“Feeling like I belonged within the gay community I think has been a bit of a struggle," he said. "The LGBTQ+ community is such a vast umbrella; everyone is so different and trying to work out where you belong within that is hard. It kind of presumes that everybody queer gets on with each other, which they don’t, and that everyone is alike, which they’re not.”
When he began his music career in London, Thomas worked as a DJ at gay nightclubs, where he says patrons often called him "boring" due to the fact that he didn't partake in the "drug-heavy" culture of nightclubs. "It was really crushing," he said. "I felt like even at some of my own DJ sets at nights I was performing at, I wasn’t deemed ‘cool enough.’”
Thomas also said that he wasn't considered "body-appropriate" to some in the community, which made him constantly feel like he was an outsider within a space built for him. “It doesn’t matter because those people don’t matter," he explained. "But I found that a huge struggle -- feeling invisible or not welcome in queer spaces -- even more heart-breaking than not being welcome in heterosexual spaces, because these spaces are there for everybody that needs them.”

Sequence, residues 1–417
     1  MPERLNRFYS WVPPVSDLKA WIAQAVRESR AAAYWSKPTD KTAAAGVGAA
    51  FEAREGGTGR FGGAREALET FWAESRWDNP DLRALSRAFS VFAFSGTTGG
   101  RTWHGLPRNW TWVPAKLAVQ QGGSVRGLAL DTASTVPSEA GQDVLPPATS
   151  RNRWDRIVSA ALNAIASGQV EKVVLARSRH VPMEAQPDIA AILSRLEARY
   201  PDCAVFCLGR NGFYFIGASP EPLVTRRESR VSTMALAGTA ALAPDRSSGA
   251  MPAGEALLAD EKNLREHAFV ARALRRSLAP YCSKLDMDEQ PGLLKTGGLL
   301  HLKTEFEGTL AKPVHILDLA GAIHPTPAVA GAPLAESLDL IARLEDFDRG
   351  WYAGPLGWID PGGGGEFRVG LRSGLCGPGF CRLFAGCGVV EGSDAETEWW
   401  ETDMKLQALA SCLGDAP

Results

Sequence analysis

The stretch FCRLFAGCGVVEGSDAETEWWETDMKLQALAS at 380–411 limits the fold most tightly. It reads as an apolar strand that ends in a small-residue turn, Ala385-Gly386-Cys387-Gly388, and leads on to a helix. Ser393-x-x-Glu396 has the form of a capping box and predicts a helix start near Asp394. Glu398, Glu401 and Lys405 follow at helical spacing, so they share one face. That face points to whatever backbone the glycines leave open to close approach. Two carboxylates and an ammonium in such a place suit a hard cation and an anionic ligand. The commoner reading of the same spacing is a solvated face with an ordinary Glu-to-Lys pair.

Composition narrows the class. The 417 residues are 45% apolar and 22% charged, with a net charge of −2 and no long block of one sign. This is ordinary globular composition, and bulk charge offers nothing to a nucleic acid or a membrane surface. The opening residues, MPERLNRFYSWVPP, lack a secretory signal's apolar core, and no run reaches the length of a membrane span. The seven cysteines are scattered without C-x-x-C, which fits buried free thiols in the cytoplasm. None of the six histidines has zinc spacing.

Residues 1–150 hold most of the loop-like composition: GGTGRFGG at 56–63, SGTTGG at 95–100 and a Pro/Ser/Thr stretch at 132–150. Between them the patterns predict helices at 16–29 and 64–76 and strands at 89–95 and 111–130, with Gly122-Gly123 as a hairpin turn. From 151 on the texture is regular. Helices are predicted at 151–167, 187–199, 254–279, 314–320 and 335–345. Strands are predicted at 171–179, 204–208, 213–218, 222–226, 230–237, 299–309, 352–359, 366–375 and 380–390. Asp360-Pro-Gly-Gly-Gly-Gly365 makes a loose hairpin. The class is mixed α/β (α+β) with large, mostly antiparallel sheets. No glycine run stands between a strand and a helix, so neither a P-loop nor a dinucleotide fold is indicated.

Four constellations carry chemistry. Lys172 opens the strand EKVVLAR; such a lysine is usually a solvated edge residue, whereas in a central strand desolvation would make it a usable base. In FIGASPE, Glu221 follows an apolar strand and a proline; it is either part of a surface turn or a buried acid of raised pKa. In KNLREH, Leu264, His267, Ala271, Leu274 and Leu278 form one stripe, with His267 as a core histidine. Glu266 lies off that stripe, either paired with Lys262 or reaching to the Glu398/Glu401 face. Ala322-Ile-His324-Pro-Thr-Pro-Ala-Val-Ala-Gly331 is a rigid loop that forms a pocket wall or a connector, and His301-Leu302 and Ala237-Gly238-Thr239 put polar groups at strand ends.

That's why, he explained, Bright Light Bright Light's upcoming album Fun City (due out this Friday, Sept. 18) examines the resilience of queer people throughout history, and how overcoming oppression and discrimination only occurs when the community sticks together.
“The message is: You should all be welcome in the place you choose as your home or your safe space, everybody deserves to be welcome there and everybody needs to check themselves to make sure that they’re not being exclusionary,” he said.